An Author’s Deathbed Portrait of Francis Bacon


In an email exchange, Murphy described the development of stage production as a collaborative effort. “Max and Enda had a special strong understanding that informed Enda’s adaptation of the book,” he said. “And Max was extremely generous and unworthy in his work.”

The adaptation retained much of Porter’s signature prose style, which Murphy said was well-suited to the scene. “The words are absolutely beautiful,” he said. “Like all good writing, the more you say them, the more they come up.”

Porter’s second release, “Lanny,” shares a lot with Porter’s debut. Both novels are about loss, told from multiple perspectives of a single family, and feature an ageless, omnipotent observer presence. This time instead of a crow, we meet Dead Papa Toothwort, a mythical jungle creature lurking in the shadows and watching the drama.

Like the staccato rhythm of the crow’s episodes, Dead Pope Toothwort’s voice is frantic, his narration interrupted by stubborn speech. These interruptions are expressed in irregular typesetting, with words swirling and curling across the page.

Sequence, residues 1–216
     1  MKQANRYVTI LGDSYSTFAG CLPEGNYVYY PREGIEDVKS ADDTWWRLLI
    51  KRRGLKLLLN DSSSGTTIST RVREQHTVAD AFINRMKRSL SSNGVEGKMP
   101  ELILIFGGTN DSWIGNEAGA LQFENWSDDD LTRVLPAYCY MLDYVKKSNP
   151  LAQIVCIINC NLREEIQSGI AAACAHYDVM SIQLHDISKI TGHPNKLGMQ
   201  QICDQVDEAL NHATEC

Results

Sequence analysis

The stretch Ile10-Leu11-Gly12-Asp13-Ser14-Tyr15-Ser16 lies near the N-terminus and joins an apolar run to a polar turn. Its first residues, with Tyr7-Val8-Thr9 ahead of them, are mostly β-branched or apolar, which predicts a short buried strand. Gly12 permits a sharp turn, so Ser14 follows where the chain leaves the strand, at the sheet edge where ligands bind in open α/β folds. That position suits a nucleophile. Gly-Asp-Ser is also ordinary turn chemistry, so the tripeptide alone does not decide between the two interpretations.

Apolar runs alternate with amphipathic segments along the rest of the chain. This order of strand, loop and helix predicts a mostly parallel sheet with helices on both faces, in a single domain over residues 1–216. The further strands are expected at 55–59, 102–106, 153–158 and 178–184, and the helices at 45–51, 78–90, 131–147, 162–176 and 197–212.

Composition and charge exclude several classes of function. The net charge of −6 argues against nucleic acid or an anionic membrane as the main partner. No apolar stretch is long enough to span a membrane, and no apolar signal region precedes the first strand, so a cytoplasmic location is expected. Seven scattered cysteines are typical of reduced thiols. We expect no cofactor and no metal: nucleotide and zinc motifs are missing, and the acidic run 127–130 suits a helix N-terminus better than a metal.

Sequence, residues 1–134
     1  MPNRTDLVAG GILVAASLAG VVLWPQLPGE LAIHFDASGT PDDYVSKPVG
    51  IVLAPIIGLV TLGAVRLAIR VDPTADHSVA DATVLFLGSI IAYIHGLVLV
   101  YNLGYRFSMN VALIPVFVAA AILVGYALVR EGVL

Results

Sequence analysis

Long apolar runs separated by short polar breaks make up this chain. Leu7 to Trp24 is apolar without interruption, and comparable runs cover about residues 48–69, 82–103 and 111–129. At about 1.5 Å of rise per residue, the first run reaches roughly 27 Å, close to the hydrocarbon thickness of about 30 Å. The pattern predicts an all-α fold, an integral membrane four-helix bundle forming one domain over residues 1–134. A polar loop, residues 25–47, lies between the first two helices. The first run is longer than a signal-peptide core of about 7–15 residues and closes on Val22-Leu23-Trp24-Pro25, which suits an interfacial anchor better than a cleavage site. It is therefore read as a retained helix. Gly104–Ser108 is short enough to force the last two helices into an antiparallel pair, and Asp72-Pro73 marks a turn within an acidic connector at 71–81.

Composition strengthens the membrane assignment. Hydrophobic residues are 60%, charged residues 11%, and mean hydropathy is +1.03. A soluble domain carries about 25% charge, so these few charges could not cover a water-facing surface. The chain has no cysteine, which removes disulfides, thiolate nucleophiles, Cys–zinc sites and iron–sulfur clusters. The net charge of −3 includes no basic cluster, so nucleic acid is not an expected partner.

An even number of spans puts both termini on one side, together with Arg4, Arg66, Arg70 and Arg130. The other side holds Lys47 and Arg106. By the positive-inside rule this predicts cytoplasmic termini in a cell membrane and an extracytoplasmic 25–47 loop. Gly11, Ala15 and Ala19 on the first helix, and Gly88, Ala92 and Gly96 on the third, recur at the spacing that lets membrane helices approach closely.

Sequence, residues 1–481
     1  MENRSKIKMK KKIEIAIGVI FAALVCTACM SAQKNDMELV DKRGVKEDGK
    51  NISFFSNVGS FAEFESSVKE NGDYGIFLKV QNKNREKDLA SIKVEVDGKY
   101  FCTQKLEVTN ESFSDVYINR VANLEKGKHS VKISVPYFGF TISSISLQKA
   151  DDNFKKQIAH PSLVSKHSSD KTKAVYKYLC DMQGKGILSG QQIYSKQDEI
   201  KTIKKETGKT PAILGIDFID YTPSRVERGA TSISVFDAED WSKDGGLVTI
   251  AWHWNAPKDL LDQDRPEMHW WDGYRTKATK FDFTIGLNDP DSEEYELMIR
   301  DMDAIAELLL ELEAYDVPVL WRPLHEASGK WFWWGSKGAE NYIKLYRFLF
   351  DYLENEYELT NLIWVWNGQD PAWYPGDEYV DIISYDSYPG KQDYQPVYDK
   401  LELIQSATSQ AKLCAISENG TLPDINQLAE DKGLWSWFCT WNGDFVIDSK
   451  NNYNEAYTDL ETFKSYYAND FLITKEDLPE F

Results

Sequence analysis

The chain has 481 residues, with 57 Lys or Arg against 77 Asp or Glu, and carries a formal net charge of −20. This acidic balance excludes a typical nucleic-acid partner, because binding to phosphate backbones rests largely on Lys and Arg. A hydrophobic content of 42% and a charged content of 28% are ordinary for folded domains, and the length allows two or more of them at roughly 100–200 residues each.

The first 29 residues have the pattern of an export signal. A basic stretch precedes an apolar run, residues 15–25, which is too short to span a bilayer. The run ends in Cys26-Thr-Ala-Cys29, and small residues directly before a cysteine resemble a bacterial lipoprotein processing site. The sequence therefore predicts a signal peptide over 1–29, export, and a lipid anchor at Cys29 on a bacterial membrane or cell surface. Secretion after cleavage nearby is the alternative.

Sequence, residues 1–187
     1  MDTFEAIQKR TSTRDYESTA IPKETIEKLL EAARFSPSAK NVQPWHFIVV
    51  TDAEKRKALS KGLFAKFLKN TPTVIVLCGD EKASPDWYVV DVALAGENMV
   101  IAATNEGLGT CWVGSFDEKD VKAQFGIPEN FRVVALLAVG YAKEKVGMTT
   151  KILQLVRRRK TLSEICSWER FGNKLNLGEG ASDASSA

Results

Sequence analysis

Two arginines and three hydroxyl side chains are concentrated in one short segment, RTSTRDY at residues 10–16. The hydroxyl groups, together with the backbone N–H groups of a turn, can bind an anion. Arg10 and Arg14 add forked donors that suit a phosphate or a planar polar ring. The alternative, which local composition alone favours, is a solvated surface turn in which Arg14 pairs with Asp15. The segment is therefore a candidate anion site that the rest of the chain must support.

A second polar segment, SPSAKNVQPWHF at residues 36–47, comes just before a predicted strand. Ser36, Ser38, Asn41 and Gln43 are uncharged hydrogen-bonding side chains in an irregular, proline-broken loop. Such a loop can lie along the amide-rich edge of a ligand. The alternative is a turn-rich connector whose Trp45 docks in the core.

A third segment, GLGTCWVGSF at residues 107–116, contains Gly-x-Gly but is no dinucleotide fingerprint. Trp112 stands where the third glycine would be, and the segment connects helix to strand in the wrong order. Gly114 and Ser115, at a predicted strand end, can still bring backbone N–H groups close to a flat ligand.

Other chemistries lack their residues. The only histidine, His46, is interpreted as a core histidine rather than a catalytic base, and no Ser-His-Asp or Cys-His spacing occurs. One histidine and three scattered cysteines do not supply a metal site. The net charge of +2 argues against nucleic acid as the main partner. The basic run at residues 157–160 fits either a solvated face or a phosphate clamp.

These chaotic chapters reflect the contents of Porter’s notebooks, from which ideas for his novels are formed. Each book is filled with scribbled room layouts, scribbled characters, scribbled sentences, and random blocks of text. He said that while developing “The Death of Francis Bacon,” he drew sketches in his notebooks while examining reproductions of the painter’s work.

“For three months,” he said, “I did nothing but look at Bacon’s paintings every day.”



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